Fury as government guide recommends halving dairy intake

The government has been accused of kicking dairy farmers while they are down after its official food guide recommended almost halving dairy intake.

The latest Eatwell Guide, the UK government’s official guide about which foods we should eat to maintain a healthy diet, recommends reducing the percentage of dairy in the diet to 8%, down from a previous figure of 15%.

In addition, the guide recommends people should consume “some dairy or dairy alternatives (such as soya drinks) choosing lower-fat and lower-sugar options”.

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In addition, the guide gives a prominent position to fruit, vegetables and starchy carbohydrates, preferably wholegrain. It recommends that five portions of a variety of fruit and vegetables should be consumed each day.

The Eatwell Guide, published by government agency Public Health England (PHE) on Thursday (17 March), replaces the Eatwell Plate.

Reacting to the revised guide, Terry Jones, director-general of the Provision Trade Federation (PTF), said it was a “kick in the teeth” for hard-pressed dairy farmers, struggling to cope with milk prices below the cost of production.

“I find it staggering that at a time when ministers are expressing their support for the sector, an executive agency of government should not only put out a message that will encourage consumers to reduce their consumption of dairy products, but also seemingly ignore the positive role they can play in public health,” added Mr Jones, who will begin a new role as director-general of the NFU in April.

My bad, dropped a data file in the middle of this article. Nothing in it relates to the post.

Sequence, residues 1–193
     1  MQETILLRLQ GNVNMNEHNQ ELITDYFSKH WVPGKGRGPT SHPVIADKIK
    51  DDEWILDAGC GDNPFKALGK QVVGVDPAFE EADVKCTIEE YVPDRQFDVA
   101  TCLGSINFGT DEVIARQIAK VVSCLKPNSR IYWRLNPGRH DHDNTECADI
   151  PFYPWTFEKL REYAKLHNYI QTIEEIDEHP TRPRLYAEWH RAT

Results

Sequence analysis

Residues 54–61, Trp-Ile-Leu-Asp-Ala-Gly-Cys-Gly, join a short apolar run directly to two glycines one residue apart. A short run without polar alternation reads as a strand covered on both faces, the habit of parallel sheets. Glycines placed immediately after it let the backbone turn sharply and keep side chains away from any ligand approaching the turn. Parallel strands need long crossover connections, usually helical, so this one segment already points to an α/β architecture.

“While the near-halving of dairy’s contribution to the diet in Public Health England’s new Eatwell Guide represents a kick in the teeth for our beleaguered dairy industry, it’s the prominent recommendation of soya products in the guide that really sticks the boot in.”

Dairy UK, a trade association that represents the interests of producer co-ops, milk processors, dairy farmers and doorstep deliverymen, described the revised Eatwell Guide as “both baffling and disappointing”.

Judith Bryans, chief executive of Dairy UK, said: “It is genuinely disconcerting to see the dairy food group being disadvantaged by a public health campaign.

“At a time when obesity is a real crisis for children and adults alike, nutrient-dense wholefoods such as dairy products should be put front and centre in dietary guidelines.

“Furthermore, dairy products are used in 98% of homes around the UK and only yesterday chancellor George Osborne in his Budget speech excluded dairy products from the sugar tax.”

Dr Bryans added that PHE’s decision goes against a series of recent public announcements and reports that show a better understanding by government and parliamentarians of the role milk and dairy products have in a healthy and balanced diet .

These included the latest Scientific Advisory Committee on Nutrition report on carbohydrates and human health, the recent Dairy All-Party Parliamentary Group recommendations on dairy and public health as well as the government’s recognition of dairy products’ nutritional value through their exemption from the upcoming sugar tax.

“The message has been clear – dairy products should be celebrated and promoted,” Dr Bryans said. “Looking outside our borders, a long list of countries such as France, Canada, Australia and many more have had successful three-a-day dairy consumption programmes for years, which all emphasise the importance of dairy foods.”